Martha Rosler Reads 'Vogue', 1982

Martha Rosler did this live performance for Paper Tiger Television, a public-access cable channel created in 1981 in New York as an open and experimental media collective. For this programme, Rosler deconstructed the messages of the famous fashion magazine Vogue and its advertising.

Sitting at a small dressing table, Rosler turns the pages of the magazine while commenting on them. Applying a critical gaze to this type of publication that reduces women to mere objects of desire, Rosler reveals the working conditions sustaining the fashion industry. The artist adopts the conventional codes of a television presenter, leafling through the magazine, while the camera moves from her face to images published in Vogue alternating with images of a sweatshop in Asia. Music by Blondie is in stark contrast to the atmosphere in the factory, while a crawling message on the screen contrasts the wages of Asian sweatshop workers with those of fashion models. Faced with the magazine images, Rosler asks: ‘What is Vogue? What is fashion? It’s glamour, excitement, romance, drama, wishing, dreaming, winning, success.’ The work ends with an image of the artist taking her make-up off in front of the mirror to a piece by Schubert.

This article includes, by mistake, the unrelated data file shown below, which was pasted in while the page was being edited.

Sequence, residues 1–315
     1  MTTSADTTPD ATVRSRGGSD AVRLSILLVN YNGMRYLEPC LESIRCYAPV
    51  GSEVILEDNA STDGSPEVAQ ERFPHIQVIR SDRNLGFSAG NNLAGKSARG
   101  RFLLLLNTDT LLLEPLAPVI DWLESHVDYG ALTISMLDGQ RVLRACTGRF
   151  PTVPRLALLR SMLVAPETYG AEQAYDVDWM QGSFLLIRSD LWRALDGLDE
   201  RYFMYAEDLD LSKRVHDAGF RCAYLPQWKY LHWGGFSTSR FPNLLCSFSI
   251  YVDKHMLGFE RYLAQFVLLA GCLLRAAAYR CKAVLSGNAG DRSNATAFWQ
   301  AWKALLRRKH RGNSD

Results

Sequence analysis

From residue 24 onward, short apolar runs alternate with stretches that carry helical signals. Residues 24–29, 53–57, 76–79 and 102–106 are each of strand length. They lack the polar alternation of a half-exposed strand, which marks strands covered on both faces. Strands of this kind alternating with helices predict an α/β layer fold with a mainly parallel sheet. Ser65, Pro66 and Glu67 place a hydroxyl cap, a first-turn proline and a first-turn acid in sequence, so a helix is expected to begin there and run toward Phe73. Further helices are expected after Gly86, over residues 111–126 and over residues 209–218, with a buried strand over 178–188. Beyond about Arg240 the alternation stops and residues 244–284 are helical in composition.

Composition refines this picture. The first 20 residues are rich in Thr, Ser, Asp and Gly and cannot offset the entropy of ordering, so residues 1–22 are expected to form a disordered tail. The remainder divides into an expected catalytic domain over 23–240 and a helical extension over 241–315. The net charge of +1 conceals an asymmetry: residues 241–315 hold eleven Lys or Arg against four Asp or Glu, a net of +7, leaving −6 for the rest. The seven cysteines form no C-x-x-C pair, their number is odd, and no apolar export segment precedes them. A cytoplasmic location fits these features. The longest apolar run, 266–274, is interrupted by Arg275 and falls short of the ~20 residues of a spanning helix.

Technical details

Original title:
Martha Rosler Reads 'Vogue'
Registration number:
Rosler, Martha
Date created:
Date acquired:
MACBA Collection. Barcelona City Council long-term
Object type:
Single-channel video, color, sound, 25 min 45 s
MACBA Collection. Barcelona City Council long-term loan
© Martha Rosler
It has accessibility resources:

The MACBA Collection features Catalan, Spanish and international art and, although it includes works from the 1920s onwards, its primary focus is on the period between the 1960s and the present.

For more information on the work or the artist, please consult MACBA's Library. To request a loan of the work, please write to colleccio [at] macba.cat.

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I like to work with what is often called "cultural heritage", but the materials that I use are banal and clichéd, like sugar blocks, doors, couscous, rugs, official documents.
Latifa Echakhch